Where you're from

On memory and physical place

They tell me that in the US, the first question someone will ask you is, “what do you do?”; in Europe, they ask, “where are you from?”. This is usually given as a slight on the workaholic culture of the U.S., but as someone who hasn’t had the “where are you from” question asked in the best of contexts, I’ve always questioned its function.

It’s Christmas time and suddenly we’re all from somewhere. Doesn’t what you do with the majority of your day describe yourself better than where you happen to have grown up?

“Where are you from?” It’s a question I’m asked all the bloody time.

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I’m from West Auckland, I say. The place with the ugly brown wallpaper and ugly brown carpets that clashed just so that they must’ve supposed to match somehow. Those houses where there’s a garage and kind-of-lounge on the ground floor, and a concrete path leading up to the main living space on the first floor, bordered with metal fences that were always either rusted black or painted white — usually both.

The kids of the family we were staying with had a collection of lasers with interchangable lenses that projected different images. We’d wait ‘til late, hide out in the bedroom and project pictures of dragons and naked ladies onto the neighbouring house. Their house looked just like ours, a Minecraft iteration with all the same features in slightly different places.

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There is something about physical place that becomes indelible in the mind. Like when a smell transports you back to a memory so vivid and real you could relive it again. Place and smell are potent drugs, hitting all the right neurons to elicit that which you thought you’d long forgotten.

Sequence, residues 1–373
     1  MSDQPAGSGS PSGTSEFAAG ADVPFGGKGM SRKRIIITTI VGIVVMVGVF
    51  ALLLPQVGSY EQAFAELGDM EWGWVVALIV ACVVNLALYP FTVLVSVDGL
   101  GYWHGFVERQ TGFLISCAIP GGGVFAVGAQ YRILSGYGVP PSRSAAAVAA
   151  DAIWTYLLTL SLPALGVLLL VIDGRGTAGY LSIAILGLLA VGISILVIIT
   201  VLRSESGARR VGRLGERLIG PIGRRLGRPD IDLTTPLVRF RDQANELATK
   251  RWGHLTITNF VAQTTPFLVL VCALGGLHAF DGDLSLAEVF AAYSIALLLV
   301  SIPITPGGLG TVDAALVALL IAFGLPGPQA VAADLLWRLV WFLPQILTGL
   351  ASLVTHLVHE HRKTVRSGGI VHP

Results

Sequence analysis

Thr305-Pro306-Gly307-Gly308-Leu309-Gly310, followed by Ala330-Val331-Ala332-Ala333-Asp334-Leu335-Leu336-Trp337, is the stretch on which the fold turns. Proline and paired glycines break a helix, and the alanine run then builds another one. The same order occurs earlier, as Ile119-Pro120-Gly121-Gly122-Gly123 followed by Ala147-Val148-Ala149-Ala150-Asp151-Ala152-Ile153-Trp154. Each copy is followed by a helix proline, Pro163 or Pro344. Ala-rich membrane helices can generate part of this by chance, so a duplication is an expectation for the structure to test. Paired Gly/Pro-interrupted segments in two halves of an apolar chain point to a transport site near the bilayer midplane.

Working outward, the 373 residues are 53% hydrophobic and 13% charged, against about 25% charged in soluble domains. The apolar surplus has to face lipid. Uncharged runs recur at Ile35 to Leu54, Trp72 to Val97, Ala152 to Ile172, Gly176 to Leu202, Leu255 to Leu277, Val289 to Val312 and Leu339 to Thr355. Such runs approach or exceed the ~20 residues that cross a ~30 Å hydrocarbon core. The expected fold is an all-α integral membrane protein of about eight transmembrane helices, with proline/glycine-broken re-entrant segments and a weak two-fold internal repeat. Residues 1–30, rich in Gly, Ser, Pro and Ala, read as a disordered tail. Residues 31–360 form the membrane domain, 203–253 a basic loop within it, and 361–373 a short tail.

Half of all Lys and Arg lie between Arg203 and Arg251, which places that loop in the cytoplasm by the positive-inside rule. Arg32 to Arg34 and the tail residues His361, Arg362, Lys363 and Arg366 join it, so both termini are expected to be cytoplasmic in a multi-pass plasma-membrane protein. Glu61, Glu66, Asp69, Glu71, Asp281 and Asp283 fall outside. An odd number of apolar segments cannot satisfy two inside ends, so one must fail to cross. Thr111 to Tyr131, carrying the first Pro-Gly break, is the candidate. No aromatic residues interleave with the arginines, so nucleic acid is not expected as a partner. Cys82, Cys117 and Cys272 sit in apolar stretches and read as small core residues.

That’s the fear, isn’t it? To forget. To live a life but not know that you’ve lived it. And that’s the joy that comes with memory — the relief that, yes, I was there, I did that. I remember. I have lived.

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I’m from Dunedin, I say. I swear the sky looks bluer here. It’s darker, more saturated. And when there wasn’t a sheep truck leaving a trail of stench through town, the air down south is the freshest thing I’ve ever breathed. Inhaling deep southern air is like taking a long drink of water, realising in the middle of a gulp just how thirsty you were.

Things felt semi-permanent — like nothing was meant to last. You could be stupid and make mistakes, and everything would be alright.

In autumn, when the leaves started to turn, a mysterious wind would shake them from their branches. I was once walking to lecture, (late, as usual,) and Kashmir by Led Zeppelin started playing on my iPod shuffle. The slow beat and heavy, whining guitars made the leaves fall in slow motion and the wind warm and ominous. It was much too epic for a prelude to PHSI232.

In winter, if you were lucky, it would snow. The morning after, the sunlight would catch on that gross, green-tinted safety glass, and reflect stark teals onto the melting slush. It was magical, until you had to be somewhere.

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An immediate bond can form between two near-strangers when they realise they’ve both lived in the same place, once upon a time. Physical place provides a context unmatched by anything else — an unspoken understanding that despite everything, to have lived where you both have lived means deep down, you’re made of the same stuff. I have yet to find anything else that endears people more efficiently than the memory of a shared place.

Of course, this in turn makes me wonder how conversations over dinner and drinks will change as we become increasingly detached from the physical world. Would you say you were from UseNet? LiveJournal? Facebook? What does that even mean, to be from a space so temporary, so fleeting?

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I’m from The ’Naki, I say. It’s proof that despite my indoors branding, there’s something immutable within that longs for salt on the wind and the pull of the ocean.

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Also known as a “memory palace,” or the “roman room”, the method of loci is a mnemonic technique that puts information in a real or imagined physical place. To recall this information later, one imagines oneself walking a path through the spatial construct. Nine out of ten “memory champions” use this method to remember vast quantities of unrelated information.